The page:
Never in my family I don't know if other families have different experience but it's usually kick kicking and screaming and it’s said, really.
It is. Yeah. And it and it shouldn't be it really just it, it's just another place to not just it's another place to thrive. And this whole thing about everyone should age at home, everyone wants to stay home, not everybody wants to stay home and not everyone should stay home. It's very lonely, it's very isolating if you don't have the support systems around you, and to have home care 24/7 is way more expensive than then moving in. Yeah. Plus, when you move into a community, you get all the support to get activities, you get meals, you you have the option to be social and and really engage and and truly thrive.
Right, because because that in turn can lead to better quality of life better day to day happiness, potentially longevity as well.
Absolutely, yes, longevity, fewer hospitalizations, lower depression, a lot of of beneficial emotional, mental, financial, physical benefits.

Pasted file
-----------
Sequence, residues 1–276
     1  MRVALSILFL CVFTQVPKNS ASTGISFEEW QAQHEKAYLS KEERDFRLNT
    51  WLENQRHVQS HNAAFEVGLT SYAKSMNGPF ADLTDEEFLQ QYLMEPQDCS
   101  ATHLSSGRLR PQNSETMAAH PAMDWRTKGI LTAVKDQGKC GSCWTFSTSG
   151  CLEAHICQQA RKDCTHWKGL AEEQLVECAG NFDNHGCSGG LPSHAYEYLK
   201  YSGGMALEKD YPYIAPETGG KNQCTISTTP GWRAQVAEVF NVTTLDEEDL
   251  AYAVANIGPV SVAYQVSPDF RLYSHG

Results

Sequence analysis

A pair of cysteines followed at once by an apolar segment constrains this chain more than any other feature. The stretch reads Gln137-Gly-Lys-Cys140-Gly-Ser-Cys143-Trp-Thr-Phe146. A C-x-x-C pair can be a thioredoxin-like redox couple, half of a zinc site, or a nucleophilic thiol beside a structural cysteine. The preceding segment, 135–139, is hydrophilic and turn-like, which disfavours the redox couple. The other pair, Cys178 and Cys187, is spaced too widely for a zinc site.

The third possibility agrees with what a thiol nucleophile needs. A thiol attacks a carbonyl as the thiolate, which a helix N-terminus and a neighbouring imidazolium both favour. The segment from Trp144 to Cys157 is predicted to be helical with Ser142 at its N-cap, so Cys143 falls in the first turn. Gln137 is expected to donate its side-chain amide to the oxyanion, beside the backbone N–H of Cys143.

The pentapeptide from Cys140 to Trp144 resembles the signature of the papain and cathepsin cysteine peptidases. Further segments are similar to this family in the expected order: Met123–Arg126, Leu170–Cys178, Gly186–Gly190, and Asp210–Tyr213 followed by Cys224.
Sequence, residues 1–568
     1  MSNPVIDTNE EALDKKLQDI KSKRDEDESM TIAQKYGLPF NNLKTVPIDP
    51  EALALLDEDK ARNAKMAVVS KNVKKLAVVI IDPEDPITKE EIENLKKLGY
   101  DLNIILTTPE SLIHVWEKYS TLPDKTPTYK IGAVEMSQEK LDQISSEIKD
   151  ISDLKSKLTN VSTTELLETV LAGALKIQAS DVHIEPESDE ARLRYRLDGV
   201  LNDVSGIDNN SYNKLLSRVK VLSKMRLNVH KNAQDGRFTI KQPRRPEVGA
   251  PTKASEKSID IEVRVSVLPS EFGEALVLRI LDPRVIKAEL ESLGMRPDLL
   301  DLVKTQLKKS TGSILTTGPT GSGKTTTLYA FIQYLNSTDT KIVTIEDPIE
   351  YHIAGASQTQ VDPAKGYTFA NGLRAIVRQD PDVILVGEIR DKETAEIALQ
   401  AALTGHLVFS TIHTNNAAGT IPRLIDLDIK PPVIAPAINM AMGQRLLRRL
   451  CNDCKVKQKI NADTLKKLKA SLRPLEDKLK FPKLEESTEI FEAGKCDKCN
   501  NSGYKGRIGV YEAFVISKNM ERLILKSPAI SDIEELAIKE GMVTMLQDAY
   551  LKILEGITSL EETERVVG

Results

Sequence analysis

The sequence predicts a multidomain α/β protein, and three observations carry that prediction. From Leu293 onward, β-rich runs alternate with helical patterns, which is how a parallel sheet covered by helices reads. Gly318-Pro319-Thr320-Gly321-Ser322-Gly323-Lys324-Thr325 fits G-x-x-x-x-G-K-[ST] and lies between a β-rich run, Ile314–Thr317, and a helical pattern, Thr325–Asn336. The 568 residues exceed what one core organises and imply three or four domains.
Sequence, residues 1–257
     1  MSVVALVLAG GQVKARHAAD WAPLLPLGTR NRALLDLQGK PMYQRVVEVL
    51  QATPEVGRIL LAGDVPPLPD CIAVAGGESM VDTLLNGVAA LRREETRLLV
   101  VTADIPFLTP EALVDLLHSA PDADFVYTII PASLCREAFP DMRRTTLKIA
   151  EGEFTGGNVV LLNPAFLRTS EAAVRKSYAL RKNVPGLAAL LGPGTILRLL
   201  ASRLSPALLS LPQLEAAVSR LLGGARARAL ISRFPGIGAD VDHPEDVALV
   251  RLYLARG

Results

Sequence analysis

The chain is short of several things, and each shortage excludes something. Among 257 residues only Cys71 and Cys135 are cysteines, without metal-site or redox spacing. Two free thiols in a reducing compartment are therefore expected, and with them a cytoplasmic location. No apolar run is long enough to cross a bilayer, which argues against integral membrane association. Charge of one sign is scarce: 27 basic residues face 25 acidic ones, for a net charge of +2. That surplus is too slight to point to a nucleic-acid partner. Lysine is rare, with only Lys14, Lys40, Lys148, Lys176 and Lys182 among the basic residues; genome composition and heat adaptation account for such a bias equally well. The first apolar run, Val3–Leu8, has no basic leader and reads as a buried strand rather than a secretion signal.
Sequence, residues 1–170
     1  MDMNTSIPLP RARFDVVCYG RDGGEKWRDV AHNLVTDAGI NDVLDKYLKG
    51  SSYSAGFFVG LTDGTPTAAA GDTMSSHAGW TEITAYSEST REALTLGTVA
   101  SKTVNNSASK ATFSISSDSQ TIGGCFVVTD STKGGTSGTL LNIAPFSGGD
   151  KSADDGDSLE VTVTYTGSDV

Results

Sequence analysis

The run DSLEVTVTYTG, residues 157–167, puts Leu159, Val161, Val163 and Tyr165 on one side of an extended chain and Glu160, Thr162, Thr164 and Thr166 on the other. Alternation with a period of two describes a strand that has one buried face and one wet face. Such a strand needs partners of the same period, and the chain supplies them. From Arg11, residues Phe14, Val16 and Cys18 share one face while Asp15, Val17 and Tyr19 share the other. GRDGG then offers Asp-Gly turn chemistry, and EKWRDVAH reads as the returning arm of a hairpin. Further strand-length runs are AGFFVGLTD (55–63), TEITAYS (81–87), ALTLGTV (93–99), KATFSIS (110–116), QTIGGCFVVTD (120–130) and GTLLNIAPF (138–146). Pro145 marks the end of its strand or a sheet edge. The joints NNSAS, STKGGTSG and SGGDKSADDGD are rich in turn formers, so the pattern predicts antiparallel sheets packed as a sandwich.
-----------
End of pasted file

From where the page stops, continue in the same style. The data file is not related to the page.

Well, we'll be sure to post the link to if you're listening and you'd like to learn more about the Mavericks of Senior Living, we'll be sure to post that in the show notes. Two more quick things. One, I want to highlight. So in April of 2022, you were nominated as a finalist, a top entrepreneur finalist in the state of Colorado. Congratulations. Yes, was very well deserved. I gotta say,. I was I was about to say it's about time.
Thank you. Now I truly didn't know someone forwarded it to me. And I was like, what I just I had no idea. Wonderful.
What a great accolade. And then I also understand maybe something exciting. That just broke a few weeks ago that you maybe want to want to announce